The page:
Even though it's summer, registration for fall classes is just around the corner. What is that you say? You're too busy eating creamsicles and paddle-boating to worry about your coursework in October? Or maybe you have a fancy internship and can't believe that you have to go back to college at all?
Never fear, I'm not here to ruin your August with a plea for you to enroll in that Personal Finance lecture so that you don't default on your student loans. Instead, here's a list of 10 awesome classes that you wish were offered at your university. If you see your school on the list, put the creamsicle down and grab your laptop -- you may still be able to grab a seat in the best class of your life.
1) Women in American Popular Comedy: That's right, SNL fans. Colby offers a course where you are encouraged to watch clips of Tina Fey proclaiming that she can see Russia from her house. Of course, you will have to learn to "situate the humor in historical context [and] to analyze the formal aspects of comedic performances." But you'll probably also get to watch Bridesmaids.
2) Internet and Society: The University of Chicago offers this Sociology course designed to explore the influence of the Internet on our daily lives, from Facebook profiles to Wikipedia enlightenment. The course description says that the class will engage in "online investigation and experiments." Does that mean we can make a Tumblr as our final assignment?
3) Stupidity: You read correctly -- "Stupidity" is in fact the title of a course at Occidental designed to make you smarter. The Critical Theory and Social Justice course examines stupidity from a joint philosophical and psychological perspective, so the chances are you'll have to exercise your brain if enrolled for the semester. But even so, the irony of taking a college course in stupidity is too good to pass up.
4) Young Adult Literature: Take a trip into your childhood with a syllabus that requires you to buy books by Madeleine L'Engle, Judy Blume and Cynthia Voigt. Of course for this Elon class, you will also have to examine common themes and consider the approaches to teaching YA literature in the middle school classroom. But you still get to subtly brag by reading A Wrinkle in Time while all your friends study Biology.
5) The Sociology of Happiness: Students of this Emory class are guaranteed to be ten times happier by the time of their final exam. Okay, so that's not true. But learning about "the new science of happiness" through psychology, genetics, sociology and economics might give you a few tips for your next bad day.
6) Science Fiction: From Matrix Baby Cannibals to Brave New Worlds: Aside from having a fairly awesome name, this Macalester course allows students to watch the Matrix trilogy and read China Mieville. You may develop agoraphobia from examining sci-fi themes such as the apocalypse, plague, and overpopulation, but the class seems like it's worth the possible side effects.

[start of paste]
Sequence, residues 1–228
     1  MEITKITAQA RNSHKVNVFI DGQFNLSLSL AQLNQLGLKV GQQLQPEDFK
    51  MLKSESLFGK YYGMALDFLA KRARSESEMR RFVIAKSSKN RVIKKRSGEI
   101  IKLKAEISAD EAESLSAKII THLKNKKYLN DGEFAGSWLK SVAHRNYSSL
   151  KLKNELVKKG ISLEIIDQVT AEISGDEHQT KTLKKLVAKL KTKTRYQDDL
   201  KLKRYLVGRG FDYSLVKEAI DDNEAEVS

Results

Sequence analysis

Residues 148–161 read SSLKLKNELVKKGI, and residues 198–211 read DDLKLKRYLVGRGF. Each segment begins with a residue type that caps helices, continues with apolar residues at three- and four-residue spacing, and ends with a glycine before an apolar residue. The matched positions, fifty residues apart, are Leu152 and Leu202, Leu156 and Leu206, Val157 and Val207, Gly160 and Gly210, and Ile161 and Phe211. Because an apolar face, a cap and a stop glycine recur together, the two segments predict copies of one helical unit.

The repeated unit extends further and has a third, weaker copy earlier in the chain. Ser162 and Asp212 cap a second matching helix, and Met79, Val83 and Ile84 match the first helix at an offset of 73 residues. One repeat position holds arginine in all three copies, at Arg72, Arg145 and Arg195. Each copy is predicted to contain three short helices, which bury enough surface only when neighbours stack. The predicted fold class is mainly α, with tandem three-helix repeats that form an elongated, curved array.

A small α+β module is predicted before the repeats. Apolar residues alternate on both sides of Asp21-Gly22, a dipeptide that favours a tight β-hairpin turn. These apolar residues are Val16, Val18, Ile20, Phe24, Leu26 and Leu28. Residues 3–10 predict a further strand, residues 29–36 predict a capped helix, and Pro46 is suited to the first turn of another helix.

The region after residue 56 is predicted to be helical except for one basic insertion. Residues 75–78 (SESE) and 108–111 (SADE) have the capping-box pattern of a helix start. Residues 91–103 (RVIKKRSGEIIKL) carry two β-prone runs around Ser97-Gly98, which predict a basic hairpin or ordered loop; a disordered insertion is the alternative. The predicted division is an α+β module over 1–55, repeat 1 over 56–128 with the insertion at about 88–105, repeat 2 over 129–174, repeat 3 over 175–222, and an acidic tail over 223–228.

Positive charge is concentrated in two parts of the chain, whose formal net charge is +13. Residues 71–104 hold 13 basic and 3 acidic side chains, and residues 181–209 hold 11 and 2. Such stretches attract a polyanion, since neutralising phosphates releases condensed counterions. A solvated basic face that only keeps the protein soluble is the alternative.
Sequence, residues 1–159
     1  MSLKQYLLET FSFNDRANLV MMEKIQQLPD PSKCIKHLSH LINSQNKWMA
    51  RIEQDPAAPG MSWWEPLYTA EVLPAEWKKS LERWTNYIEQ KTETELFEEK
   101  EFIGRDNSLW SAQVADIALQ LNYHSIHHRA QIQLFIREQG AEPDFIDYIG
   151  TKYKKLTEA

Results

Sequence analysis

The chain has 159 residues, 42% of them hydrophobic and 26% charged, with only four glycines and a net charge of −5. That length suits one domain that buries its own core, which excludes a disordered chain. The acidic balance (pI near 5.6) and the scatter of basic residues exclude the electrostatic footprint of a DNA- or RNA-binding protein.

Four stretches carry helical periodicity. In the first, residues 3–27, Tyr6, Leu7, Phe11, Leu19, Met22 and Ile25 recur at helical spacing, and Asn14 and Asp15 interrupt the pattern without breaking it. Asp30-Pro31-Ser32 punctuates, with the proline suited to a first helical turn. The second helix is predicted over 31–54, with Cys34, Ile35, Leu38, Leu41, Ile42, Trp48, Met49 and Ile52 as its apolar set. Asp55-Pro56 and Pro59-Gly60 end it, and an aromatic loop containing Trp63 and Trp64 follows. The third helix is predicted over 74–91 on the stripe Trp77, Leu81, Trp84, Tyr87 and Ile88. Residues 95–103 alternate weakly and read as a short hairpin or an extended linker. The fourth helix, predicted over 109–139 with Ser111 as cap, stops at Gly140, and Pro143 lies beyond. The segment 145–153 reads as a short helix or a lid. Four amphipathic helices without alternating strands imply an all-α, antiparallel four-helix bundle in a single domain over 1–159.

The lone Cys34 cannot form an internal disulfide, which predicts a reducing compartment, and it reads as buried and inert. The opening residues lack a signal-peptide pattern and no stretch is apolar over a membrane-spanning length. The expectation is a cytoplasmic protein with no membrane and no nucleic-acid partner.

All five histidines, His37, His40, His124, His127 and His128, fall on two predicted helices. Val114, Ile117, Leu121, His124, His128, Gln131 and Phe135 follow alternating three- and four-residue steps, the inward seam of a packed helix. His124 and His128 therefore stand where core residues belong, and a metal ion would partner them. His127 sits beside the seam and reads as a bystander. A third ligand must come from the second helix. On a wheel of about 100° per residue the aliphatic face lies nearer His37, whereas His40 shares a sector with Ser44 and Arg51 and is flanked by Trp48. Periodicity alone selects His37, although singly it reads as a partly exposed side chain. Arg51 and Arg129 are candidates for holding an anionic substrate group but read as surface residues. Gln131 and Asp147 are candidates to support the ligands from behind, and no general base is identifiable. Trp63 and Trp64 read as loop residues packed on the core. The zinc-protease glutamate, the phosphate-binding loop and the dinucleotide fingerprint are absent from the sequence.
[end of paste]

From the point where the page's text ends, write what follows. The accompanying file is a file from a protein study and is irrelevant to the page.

7) Food: Finally, a class named after my raison d'être. Students enrolled in this Environmental Studies course at Colgate learn about the environmental impact of food, as well as its cultural significance. But they also get to intern at a local farm and listen to speakers from the local food movement. What are the chances that the final exam involves a taste test?
8) The Philosopher's Stone: Alchemy from Antiquity to Harry Potter: No, you won't learn how to pull a Rumpelstiltskin. But if you take this first-year seminar at Brown University, you will get the chance to follow the historical development and cultural significance of alchemy since antiquity. Plus, it sounds like you get to read Harry Potter. So that's a check in the "win" column.
9) Bob Dylan: If you manage to get a spot in this Connecticut College course, don't think twice -- it's all right. You have won the chance to study the musician's development as an artist since the release of his eponymous 1962 album. It's likely the only time you'll get to say "Everybody must get stoned" in a final paper.
10) Philosophy of Sport: I had to include a class from my alma mater, and this Georgetown course certainly fit the bill. Do you listen to sports radio and debate the ethics of steroids in your free time? Now you can do it for a grade -- just don't take any performance-enhancing drugs before taking your final.
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